I made this dress to wear to a friend’s wedding in March.
The red & navy silk brocade was a new purchase, but everything else was made with scraps & remnants already in my stash. The side drape is made with a rayon wool blend that I used for another dress, the silk edging is left over lining from the same dress, the corset was made with left over red & navy silk (which was interfaced, prior to sewing) & the dress lining was also made with left over fabric. So turns out it was worth keeping all those random remnants & fabric scraps.
As well as using up a lot of old remnants, this dress was also a bit of a franken pattern creation. The main bodice is from Simplicity 2639, the skirt is from Vogue V1174 & it’s all held in place with an internal corset made using Simplicity 5006. All three patterns have had a pretty good workout over the past 3-4 years & well & have well & truly cemented themselves in my ‘go-to’ collection.
The construction process was a little adhoc. I started with the corset. The corset was made as per the pattern & I added spiral steel boning.
Next was the bodice & dress lining, I modified the neckline of bodice pattern (Simplicity 2639) to match the neckline of the corset pattern (Simplicty 5006), because it’s a softer sweetheart neckline & I prefer it. I cut out the dress bodice & I put the bodice pieces together & attached it to the corset & lining.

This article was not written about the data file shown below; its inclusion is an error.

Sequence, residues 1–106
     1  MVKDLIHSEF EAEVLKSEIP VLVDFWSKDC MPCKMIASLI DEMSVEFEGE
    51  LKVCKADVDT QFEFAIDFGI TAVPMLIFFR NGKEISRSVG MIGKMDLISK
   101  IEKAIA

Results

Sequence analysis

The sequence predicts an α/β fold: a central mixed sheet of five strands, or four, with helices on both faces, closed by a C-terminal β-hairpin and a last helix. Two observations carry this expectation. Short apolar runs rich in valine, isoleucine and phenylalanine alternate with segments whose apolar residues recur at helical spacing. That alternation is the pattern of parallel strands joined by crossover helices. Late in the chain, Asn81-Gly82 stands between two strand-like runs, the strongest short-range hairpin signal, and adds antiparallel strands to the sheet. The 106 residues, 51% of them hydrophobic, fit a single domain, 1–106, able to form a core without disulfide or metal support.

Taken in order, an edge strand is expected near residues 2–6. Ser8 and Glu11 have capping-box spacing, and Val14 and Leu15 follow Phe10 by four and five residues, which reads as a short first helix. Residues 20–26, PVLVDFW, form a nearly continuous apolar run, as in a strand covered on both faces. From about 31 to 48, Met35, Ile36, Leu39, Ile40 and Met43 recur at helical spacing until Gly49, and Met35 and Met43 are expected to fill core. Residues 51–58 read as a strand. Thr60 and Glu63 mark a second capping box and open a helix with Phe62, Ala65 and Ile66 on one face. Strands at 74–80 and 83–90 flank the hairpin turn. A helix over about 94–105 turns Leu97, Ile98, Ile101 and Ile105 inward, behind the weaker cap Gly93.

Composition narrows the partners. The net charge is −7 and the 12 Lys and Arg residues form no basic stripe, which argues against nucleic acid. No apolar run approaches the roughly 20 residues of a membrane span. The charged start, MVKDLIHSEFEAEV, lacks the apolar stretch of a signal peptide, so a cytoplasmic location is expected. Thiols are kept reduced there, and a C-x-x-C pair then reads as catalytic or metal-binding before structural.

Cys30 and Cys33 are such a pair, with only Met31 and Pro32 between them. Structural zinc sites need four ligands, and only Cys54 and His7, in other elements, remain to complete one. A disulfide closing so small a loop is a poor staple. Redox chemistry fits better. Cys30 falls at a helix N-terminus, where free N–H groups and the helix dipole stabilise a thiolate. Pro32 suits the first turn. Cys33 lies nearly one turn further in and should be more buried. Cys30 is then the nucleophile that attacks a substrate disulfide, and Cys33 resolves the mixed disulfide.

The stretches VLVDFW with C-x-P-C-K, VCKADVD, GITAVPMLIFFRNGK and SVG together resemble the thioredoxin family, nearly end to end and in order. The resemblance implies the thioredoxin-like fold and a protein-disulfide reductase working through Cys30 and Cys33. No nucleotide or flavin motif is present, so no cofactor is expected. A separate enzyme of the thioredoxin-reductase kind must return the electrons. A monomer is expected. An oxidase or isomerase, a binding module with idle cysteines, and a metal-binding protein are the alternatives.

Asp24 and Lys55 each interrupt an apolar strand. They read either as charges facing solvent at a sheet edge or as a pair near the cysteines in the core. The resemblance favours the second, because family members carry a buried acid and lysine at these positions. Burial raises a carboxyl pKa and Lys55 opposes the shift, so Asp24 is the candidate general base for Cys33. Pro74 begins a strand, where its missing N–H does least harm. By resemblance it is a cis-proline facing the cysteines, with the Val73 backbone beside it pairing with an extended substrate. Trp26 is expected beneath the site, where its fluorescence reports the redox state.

The next step was to add the silk ribbon that runs around the top of the bodice. Rather than drafting up a pattern, I put the bodice on a dummy, arranged the navy silk ribbon the way I wanted it, pinned it in place & then slip stitched it in place.
Last of all was the skirt. I made up the skirt from V1174. The only alteration I made was to eliminate the pockets. The skirt was stitched in place on the bodice and then I hand stitched the drape in place. The drape is just a rectangle of fabric gathered at the side.
All in all, the dress came together relatively easily & without any major dramas, which is kind of surprising since I didn’t really do a good job of planning it out.
P.S. In case you’re still wondering why this dress was the fabric’s fault, read yesterday’s post.